First Nations voices are back.
An Acknowledgment of Country from Aboriginal Council Chair Sean Bremer kicked off the first conference for First Nations members since 2019.
The Conference, postponed in 2020 and 2021 due to COVID-19, addressed issues vital to Aboriginal members, including getting more First Nations people jobs and more in senior positions.
PSA/CPSU NSW General Secretary Stewart Little talked about the close connection the union movement has had with Aboriginal and Torres Strait Islander people throughout post-colonial history, mentioning the Wave Hill walk-off and the Pilbara pastoral workers strike that ran from 1946 to 1949 over a refusal to pay Aboriginal employees in money.
“The PSA/CPSU NSW is the only union with an Aboriginal Council in its rules – forever more,” said Mr Little.
Shane Hamilton, NSW Deputy Secretary Aboriginal Affairs and Outcomes talked about the importance of housing, describing it as an issue important for Aboriginal and non-Aboriginal Australians.
“If you look at Australia’s housing market, it is worth more than $9 trillion, turning over each year about $490 billion,” he said. “That has been generated at the expense of 500 First Nations groups throughout the county.
“That massive accumulation of wealth has been at our expense. We had businesses we had housing that was taken away from us.”
As head of Aboriginal Affairs NSW, Mr Hamilton, a former Prison Officer, said closing the income gap between Aboriginal and non-Aboriginal Australians is an important part of his remit, and talked about improving the organisation’s workplace culture and his plans for a functional review of its all over performance.
BJ Duncan, Chair of the Central Coast’s Darkinjung Local Aboriginal Land Council, gave attendees an insight into the way his organisation operates, particularly its success converting the abandoned Wyong tip into a lucrative property development, which funds projects such as a college aligned with Sydney’s Barker College, social housing, education assistance and a funeral fund. Like all developers, the Land Council meets opposition for its projects, but Mr Duncan said he is determined to strike a balance between sustainable development and the needs of a community that has experienced high rates of incarceration and youth suicide.
Mr Duncan expressed frustration at people without links to community identifying as Aboriginal using statutory declarations.
“They’re claiming mob, but what’s important is mob is not claiming them,” he said. “People who haven’t got cultural connection are putting their hand up to get stuff that is not designed for them.”
“We have people coming to the Central Coast claiming Kuringgai heritage, but they have no ongoing connection to country.”
Indigenous Officer at the Australian Council of Trade Unions (ACTU), Lara Watson, gave an insight into the union body’s advocacy on behalf of poorly paid Aboriginal trainees, citing this as an example of a “colonised system; policies set for us, not by us”.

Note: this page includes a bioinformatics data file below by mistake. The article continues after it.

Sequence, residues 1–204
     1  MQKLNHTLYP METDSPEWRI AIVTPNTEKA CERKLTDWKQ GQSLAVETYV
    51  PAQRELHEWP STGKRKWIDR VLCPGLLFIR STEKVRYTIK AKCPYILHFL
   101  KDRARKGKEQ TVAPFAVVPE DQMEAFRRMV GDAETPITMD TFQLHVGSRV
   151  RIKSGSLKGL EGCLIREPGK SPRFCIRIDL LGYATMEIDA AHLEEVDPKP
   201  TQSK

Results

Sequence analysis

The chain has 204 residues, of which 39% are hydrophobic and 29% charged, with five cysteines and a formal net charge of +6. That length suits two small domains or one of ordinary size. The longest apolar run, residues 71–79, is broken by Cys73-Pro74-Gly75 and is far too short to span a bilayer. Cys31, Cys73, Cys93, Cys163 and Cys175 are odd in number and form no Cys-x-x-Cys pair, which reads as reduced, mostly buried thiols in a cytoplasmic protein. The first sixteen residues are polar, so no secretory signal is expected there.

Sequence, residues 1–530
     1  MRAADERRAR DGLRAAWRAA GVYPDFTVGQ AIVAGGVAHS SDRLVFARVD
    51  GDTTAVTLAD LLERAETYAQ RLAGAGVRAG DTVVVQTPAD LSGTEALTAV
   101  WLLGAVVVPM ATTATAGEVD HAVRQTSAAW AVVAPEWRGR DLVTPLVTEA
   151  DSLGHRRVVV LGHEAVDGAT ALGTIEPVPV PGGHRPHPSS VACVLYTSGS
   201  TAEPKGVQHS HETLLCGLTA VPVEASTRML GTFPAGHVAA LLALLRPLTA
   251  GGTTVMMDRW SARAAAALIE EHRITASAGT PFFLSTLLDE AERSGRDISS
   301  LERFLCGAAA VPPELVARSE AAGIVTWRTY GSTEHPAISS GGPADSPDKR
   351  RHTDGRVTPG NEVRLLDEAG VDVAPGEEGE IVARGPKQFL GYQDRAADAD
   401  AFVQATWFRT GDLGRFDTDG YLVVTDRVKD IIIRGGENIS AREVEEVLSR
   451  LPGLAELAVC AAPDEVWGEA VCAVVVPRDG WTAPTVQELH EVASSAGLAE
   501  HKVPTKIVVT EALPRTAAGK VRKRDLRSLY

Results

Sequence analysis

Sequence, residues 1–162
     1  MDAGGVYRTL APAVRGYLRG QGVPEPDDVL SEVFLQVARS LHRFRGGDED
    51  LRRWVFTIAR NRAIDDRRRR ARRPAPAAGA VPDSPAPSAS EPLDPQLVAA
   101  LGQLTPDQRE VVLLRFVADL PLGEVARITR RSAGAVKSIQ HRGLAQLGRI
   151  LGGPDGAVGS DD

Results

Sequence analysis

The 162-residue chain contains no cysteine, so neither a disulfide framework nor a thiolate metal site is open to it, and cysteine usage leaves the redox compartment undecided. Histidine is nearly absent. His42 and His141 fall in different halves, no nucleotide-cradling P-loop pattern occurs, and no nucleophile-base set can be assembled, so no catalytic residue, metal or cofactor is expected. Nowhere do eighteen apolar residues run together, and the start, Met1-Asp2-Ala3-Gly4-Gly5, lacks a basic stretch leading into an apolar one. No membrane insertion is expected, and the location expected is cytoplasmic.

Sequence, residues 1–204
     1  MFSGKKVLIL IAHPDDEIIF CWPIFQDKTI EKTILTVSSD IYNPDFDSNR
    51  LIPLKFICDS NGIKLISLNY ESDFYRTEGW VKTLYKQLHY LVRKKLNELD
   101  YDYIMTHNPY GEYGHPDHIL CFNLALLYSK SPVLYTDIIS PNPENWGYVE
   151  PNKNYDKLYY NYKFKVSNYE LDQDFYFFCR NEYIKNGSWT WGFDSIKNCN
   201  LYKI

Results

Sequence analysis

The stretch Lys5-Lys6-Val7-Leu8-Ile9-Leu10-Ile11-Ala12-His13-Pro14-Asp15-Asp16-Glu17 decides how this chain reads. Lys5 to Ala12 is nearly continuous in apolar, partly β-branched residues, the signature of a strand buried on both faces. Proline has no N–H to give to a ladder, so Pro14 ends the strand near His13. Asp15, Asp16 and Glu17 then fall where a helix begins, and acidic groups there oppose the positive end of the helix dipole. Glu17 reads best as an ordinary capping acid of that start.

“Government does not live in communities, when it does go out, it is a 20-minute drop in,” she said. “We have a right to self-determination: we have a right to be the architects of our lives.”
On the subject of the coming Voice referendum, Ms Watson, a supporter of the yes vote, said, “What we are voting on is a fair and equal society,” she said. “When you have communities in our society living in third-world conditions, doing nothing is no longer an option.”
However, she said she does not think opponents of a yes vote are necessarily wrong.
“Hopefully, at the end of the campaign we can celebrate together,” she said.
To sell the yes vote to white voters, many of whom have never met an Aboriginal person, “or have that one friend”, Ms Watson said Aboriginal and Torres Strait Islander people “need a place to be heard”.
Karla Grant is one of those people providing a place to be heard. The host of SBS’s Living Black series, Ms Grant said the National Indigenous TV (NITV) network works to redress injustice towards Aboriginal people.
A story on a woman treated badly in a Wilcannia hospital, for example, resulted in a call to the women from Health Minister Hazzard with an apology and questions about way the hospital operated.
“The Government needs to liaise with community over the referendum,” she said. “NITV and SBS are obliged to report on the referendum: if it is not passed there will be a lost opportunity.
“We need something that will make a real difference to our mob.”
NSW Labor’s Aboriginal Affairs Shadow Minister David Harris said he and his party had been working for four years for a treaty in NSW, citing the importance of truth-telling in the process.
He said a Labor Government would build pathways for high school students to get careers in public service jobs to deliver services directly to community.
“You need a detailed plan for career building,” he said. “Internships need to lead to careers and jobs.”
Mr Harris said a Minns Government would place Aboriginal Policy units in every department, with power to ensure deputy secretaries are doing what they need to do.
“If we are going to close the gap, it is through economic empowerment,” he said. “The public service should be leading the way. In my opinion, they are not.”
Sherry-Ann Toomey is one person getting Aboriginal people into public service jobs. A Senior Advisor at the Public Service Commission, she discussed the pathways, and obstacles, First Nations workers have getting public sector jobs.
People who haven’t got cultural connection are putting their hand up to get stuff not designed for them